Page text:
Agency on Aging

LGBTQ+ Caregivers

Individuals who identify as lesbian, gay, bisexual, transgender, and queer (LGBTQ+) have much in common with other caregivers but also have unique experiences and needs. The unique needs of LGBTQ+ older adults and the people who care for them must be considered and addressed when developing caregiver plans. As a group, LGBTQ+ older adults experience social, financial, physical, and mental health disparities. They are at higher risk for developing chronic diseases, being diagnosed with depression and anxiety, living in poverty, and experiencing social isolation.


LGBTQ+ caregivers make up 9% of the 34.2 million Americans caring for adults over age 50.  LGBTQ+ people also become caregivers at a slightly higher rate than their non-LGBTQ+ peers. LGBTQ+ caregivers come from a variety of different backgrounds and provide care in a variety of different relationship structures. Still, there are some common themes in the unique needs and experiences of most LGBTQ+ caregivers, as well as those who are caring for LGBTQ+ older adults but may not be LGBTQ+-identified themselves. 

Family caregivers most typically are children of aging parents or spouses. LBGTQ+ older adults are less likely to have children or spouses to provide care. Additionally, there is a greater probability that a member of the LGBTQ+ population is estranged from family when compared with the non-LGBTQ+ population if family members do not accept sexual orientation or gender identity. 

Confronted with family estrangement, LGBTQ+ individuals have a long history of creating families of choice. Friends, partners, ex-partners, and some relatives are the people the older LBGTQ+ individual relies on when caregiving is needed. It is common for most of an LGBTQ+ older adult’s close friends and chosen family to be older adults themselves, which means that many older LGBTQ+ individuals rely on one another for caregiving, and a large number of LGBTQ+ older adults find themselves becoming caregivers.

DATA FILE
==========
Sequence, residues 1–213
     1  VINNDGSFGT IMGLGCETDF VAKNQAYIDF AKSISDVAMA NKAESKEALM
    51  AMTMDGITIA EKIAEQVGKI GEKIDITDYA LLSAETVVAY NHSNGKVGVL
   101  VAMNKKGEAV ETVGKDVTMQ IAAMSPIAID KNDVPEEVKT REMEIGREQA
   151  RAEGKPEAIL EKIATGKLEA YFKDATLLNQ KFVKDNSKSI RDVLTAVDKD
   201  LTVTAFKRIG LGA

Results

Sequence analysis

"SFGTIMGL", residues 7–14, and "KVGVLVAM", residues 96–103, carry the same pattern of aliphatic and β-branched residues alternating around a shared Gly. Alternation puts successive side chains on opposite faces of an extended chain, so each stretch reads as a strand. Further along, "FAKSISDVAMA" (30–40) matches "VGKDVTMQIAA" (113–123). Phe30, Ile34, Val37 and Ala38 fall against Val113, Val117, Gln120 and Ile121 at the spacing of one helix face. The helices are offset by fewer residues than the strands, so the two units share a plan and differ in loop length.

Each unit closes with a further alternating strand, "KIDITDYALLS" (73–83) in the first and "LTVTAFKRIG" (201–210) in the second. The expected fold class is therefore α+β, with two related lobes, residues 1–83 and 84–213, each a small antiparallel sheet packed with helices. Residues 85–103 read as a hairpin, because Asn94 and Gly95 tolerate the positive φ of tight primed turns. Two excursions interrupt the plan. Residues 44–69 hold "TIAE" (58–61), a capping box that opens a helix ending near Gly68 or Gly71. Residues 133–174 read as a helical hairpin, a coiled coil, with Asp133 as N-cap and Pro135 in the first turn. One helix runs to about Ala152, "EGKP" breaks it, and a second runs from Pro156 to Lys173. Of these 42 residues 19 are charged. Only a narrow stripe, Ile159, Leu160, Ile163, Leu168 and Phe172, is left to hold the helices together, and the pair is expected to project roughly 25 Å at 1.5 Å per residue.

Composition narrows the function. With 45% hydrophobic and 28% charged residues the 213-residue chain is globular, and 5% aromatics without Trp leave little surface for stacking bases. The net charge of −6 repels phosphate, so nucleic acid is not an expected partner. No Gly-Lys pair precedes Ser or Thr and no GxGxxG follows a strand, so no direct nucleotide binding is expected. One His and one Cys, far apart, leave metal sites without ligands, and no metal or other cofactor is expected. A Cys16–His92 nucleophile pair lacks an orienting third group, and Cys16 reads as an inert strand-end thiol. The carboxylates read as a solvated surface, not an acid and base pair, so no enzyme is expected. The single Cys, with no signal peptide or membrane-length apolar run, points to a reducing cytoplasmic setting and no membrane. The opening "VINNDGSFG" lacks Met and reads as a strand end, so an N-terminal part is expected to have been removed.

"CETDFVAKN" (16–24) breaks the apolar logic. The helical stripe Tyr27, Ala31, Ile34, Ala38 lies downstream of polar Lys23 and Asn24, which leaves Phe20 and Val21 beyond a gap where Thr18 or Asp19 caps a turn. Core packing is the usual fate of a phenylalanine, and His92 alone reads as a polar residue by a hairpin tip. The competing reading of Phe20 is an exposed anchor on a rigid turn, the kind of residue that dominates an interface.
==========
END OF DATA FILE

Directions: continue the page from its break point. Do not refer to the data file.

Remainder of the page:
The most vulnerable of these groups is LGBTQ+ older adults caring for their LGBTQ+ peers. These caregivers experience compounded health disparities, and many have the added stress of knowing that there is no one else to care for their loved one should they need to relinquish their caregiving duties. They may be reluctant to access services for either themselves or their loved ones and require particular attention to engage and support.  

If you are an older adult caring for another older adult, you must build a plan of care that maximizes the support services in the plan of care. Sacrificing the health and well-being of one person to ensure the health of another isn’t a viable plan. There are programs and services available to help family caregivers. Seek out support. Contact us and ask to speak with the National Family Caregiver Support Program care manager to determine whether you are eligible for respite services.  

203 785 8533, option 4.